Philippines Diving Hot Spot: Moalboal (pg 2)
Philippines Diving Hotspot: Moalboal
By Victor Tang
Moalboal - Off the Wall
Marking the end of the mega-wall, Moalboal Bay marks a sharp departure from a typical dive site in Moalboal, for instead of steep walls it features a shallow sandy area. The marine life contained within Moalboal Bay is also markedly different from those on the wall. This is where you can find marine creatures like Pegasus fish, leaf pipefish, stargazers, dragonets and most uniquely, a resident dog-faced water snake that loves to take a nap in the area.
Moaboal Bay livens up at night if one has the opportunity to arrange a night dive there. Juvenile bobtail squid love to hang out among the dead coconut leaves, and the once lethargic dog-faced water snake starts to hunt. A great site for long dives with a maximum depth of seven meters, one has time to observe cowry shells as they slowly dig their way into the sand - a pretty interesting sight to see.
Urchin Clingfish. Taken with 2 Sea & Sea YS-D1 at ISO200. Manual mode at f22 and 1/320s. Tamron 60mm.
Photo left: Dog Faced Sea Snake. Taken with 1 Sea & Sea YS-110a at ISO80. Manual mode at f8 and 1/250s.
Photo right: Blenny. Taken with 1 Sea & Sea YS-110a at ISO80. Manual mode at f8 and 1/250s. Dyron +7 Diopter.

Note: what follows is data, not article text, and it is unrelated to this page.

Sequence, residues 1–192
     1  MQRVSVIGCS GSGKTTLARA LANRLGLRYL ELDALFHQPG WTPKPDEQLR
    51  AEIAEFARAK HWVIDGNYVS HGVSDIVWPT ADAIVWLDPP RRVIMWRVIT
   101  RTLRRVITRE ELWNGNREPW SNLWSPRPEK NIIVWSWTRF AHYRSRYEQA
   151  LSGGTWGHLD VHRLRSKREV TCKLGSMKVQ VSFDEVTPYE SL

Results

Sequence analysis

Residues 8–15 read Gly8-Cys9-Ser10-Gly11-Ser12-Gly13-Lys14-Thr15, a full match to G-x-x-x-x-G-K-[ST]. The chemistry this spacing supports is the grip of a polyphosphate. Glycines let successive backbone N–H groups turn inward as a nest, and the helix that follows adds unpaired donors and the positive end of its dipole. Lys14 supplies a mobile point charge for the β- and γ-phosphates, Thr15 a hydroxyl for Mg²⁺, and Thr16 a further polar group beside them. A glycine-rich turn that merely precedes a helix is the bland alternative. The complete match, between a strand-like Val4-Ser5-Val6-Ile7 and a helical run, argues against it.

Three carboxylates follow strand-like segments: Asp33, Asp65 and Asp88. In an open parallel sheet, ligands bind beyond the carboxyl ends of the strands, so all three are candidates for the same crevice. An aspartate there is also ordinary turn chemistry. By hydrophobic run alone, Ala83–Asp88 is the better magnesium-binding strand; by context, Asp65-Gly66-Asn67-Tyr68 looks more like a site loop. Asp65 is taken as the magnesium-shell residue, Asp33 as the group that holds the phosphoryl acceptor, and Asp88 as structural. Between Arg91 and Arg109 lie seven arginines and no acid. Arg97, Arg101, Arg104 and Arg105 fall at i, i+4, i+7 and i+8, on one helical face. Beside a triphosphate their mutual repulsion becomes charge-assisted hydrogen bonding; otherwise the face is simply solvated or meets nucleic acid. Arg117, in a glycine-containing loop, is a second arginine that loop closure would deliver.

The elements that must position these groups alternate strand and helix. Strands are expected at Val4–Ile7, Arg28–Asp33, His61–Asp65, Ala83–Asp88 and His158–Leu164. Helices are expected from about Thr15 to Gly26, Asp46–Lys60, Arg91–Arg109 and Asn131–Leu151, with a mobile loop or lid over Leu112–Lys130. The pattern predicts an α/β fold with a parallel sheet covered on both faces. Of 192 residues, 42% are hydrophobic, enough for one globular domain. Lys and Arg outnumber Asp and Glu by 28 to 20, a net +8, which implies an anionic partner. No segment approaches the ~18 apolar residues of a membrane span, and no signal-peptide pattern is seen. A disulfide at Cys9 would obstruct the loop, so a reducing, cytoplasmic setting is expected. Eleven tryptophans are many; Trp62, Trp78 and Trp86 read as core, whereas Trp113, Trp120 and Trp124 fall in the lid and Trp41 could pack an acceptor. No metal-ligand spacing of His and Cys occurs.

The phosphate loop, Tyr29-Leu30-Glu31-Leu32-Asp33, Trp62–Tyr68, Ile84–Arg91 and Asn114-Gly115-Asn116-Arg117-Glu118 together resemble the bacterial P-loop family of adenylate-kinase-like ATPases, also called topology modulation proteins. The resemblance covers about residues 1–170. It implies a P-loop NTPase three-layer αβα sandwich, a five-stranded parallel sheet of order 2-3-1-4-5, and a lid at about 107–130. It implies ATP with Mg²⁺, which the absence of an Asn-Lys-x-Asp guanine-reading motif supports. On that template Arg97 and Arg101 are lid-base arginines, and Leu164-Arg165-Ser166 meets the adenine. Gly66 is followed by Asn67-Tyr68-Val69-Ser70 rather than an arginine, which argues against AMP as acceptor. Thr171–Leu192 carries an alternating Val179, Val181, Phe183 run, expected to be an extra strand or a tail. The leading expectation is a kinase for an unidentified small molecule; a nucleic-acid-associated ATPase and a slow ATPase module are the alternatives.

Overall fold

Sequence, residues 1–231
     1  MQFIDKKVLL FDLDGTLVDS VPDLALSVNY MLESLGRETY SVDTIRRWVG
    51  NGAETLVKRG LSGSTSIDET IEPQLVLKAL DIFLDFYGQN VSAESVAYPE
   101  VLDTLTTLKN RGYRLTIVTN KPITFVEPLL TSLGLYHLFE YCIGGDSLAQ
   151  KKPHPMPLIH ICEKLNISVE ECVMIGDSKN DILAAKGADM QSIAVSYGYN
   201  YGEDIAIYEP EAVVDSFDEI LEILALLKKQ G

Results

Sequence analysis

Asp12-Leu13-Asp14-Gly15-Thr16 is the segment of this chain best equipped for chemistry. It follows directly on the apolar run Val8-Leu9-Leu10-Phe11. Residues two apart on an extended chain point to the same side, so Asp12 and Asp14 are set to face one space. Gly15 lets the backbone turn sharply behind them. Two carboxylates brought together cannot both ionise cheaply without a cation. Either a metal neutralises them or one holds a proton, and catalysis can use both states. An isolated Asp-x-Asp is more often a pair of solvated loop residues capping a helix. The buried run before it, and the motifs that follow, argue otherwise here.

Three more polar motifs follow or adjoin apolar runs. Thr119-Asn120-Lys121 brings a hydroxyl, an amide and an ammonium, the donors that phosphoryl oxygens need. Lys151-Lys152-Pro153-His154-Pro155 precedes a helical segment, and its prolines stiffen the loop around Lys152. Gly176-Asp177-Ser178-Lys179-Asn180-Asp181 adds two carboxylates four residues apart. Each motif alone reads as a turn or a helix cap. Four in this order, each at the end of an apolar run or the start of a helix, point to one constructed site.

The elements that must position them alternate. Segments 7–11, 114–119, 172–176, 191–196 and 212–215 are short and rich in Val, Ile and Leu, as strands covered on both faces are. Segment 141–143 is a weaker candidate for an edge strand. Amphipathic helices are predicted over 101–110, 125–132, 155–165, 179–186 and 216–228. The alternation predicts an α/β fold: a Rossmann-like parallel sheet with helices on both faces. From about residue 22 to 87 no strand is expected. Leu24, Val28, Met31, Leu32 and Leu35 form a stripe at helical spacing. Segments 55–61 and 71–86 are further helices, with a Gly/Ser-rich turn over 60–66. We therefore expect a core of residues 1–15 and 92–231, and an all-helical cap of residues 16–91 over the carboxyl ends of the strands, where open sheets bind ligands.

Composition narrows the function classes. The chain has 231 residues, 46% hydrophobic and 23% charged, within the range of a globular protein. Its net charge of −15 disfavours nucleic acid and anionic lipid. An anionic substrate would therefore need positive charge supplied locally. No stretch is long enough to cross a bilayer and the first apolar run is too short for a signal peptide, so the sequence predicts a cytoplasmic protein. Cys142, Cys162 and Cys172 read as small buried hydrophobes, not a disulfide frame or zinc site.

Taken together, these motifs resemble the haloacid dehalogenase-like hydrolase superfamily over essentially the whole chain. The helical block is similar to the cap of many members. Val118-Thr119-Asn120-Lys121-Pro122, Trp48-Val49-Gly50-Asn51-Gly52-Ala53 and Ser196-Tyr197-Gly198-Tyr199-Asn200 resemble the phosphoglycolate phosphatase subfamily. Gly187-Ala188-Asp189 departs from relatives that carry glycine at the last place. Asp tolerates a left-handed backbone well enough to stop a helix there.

Network Pipefish. Taken with 2 Sea & Sea YS-D1 at ISO200. Manual mode at f22 and 1/320s. Tamron 60mm.
Three kilometers west of Panagsama Beach lies Pescador Island, the jewel of Moalboal diving and considered one of the best dive sites in the Philippines. With a landmass big enough to warrant a lighthouse, Pescador Island resembles a vertical rod and plunges down to depths of seventy meters.
It gained further prominence a few years ago when a large school of sardines decided to make Pescador their home. With estimates as high as nine hundred thousand sardines, this sardine ball started attracting pelagic fish to hunt them around the clock. It even caught the attention of thresher sharks who would dart in and out of the bait ball energetically hunting - a contrast to their relative calm when seen gliding around Monad Shoal further north in Malapascua. This mini “sardine run” proved very popular in Moalboal and earned Pescador a name in the dive community.
The hype of the mini “sardine run” proved to be a distraction from the great diving at Pescador Island. After all, there was a good reason the sardines showed up in the first place. Situated perfectly to catch the currents of the Tanon Strait, Pescador was always going to welcome wary marine travelers making a pit stop, as evidenced by frequent sightings of whale sharks and manta rays. The currents also bring with it the nutrients needed to support life, from plankton to the large pelagics.
Porcelain Crab. Taken with 2 Sea & Sea YS-D1 at ISO80. Manual mode at f22 and 1/320s. Nikon 105mm VR.
Photo left: Starfish Couple. Taken with 2 Sea & Sea YS-D1 at ISO80. Manual mode at f10 and 1/320s. Tokina 10-17 Fisheye.
Photo right: Mega Sea Fan. Taken with 2 Sea & Sea YS-D1 at ISO80. Manual mode at f11 and 1/160s. Tokina 10-17 Fisheye.
Every dive on Pescador aims to explore its sheer vertical dropoffs, and the life found on its walls does not disappoint. Hundreds of Anthias accompany you every step of the way, while schools of fusiliers and snappers can be seen on any part of the dive. Pescador supports a very healthy population of lionfish; with Sergeant fish lurking around whip corals as they stand guard by their nests. Survivors of the last El Nino stand proud from the walls, with huge gorgonian fans still prominent features of the landscape.